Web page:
Monica grew up in Hemet, moved to Spring Valley six years ago and met Steven. They’ve been together ever since, and married for three years. I ask if she had a happy childhood. She hesitates. “Ah, um, it was rough. My dad was always in and out of prison, pretty bad into drugs.” She says she did well in school and wanted to become a nurse, but circumstances built too high a wall. She’s been troubled with a bad back for three years because of an auto accident.
Because of Steven’s current income, meager though it is, the Ritters have seen a marked reduction in the monthly amount they had been receiving from public assistance — down to about $200, Monica says.
They just spent what little they had for equipment to bring power to the trailer. She said their resources, before Steven’s next casino paycheck, is “probably five bucks.”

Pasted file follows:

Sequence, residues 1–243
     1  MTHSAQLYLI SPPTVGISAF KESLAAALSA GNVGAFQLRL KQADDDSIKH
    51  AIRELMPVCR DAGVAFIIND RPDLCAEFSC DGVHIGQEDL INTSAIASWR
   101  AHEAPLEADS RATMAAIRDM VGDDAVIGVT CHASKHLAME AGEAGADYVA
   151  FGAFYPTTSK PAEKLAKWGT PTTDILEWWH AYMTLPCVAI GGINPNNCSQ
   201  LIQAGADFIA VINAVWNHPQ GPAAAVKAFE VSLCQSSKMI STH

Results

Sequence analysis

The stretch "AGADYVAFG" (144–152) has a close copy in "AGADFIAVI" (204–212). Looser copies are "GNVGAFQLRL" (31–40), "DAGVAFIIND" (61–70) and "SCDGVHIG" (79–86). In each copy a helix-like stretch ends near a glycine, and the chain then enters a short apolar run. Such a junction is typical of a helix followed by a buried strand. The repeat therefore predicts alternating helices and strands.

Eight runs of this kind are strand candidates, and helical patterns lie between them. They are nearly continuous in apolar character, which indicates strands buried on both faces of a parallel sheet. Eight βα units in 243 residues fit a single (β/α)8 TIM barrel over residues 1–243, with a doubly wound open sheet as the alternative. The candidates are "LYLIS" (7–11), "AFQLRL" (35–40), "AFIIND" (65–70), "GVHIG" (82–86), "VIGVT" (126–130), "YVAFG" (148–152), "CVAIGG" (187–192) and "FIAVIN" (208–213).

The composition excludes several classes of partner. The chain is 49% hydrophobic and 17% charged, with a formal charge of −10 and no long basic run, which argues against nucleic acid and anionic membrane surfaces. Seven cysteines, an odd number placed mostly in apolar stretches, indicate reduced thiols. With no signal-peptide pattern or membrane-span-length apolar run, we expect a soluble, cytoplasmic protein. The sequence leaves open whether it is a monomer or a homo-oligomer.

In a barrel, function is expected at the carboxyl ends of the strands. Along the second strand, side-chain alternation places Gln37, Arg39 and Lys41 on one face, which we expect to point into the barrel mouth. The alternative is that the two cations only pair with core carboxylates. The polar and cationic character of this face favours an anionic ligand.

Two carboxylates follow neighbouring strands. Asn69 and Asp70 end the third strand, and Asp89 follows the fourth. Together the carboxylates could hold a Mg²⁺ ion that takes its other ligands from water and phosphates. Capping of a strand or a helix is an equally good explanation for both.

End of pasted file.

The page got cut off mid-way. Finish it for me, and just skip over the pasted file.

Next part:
I ask Monica what Christmas promises. She gives a wan little chuckle. “I have no clue.” What would she like? “To be able to come home to my trailer.”
The bite of the autumn wind up here foreshadows winter, which can be tough, even in a cozy house where the snow can be admired through a window but not felt.
The future is not very sanguine for this little family, but they have their dreams, which are all about their son. However, talk of dreams brings tears to both.
Monica says, “We’ve worked so hard for little Ray to have what he needed, and now it’s gone, all gone. He doesn’t know where he belongs. He tells us every day, ‘My house burned up, all my toys burned up.’ It’s real hard to hear your 2-year-old tell you that.”
Steven chokes back his grief, burdened by the belief that he’s the man and he’s supposed to provide. “Ray’s everything in the world. He’s the best. All I know is, I got to keep trying.”
Fred Dickey of Cardiff is a novelist and award-winning magazine writer who believes every life is an adventure. He welcomes column ideas and other suggestions; contact him at email@example.com.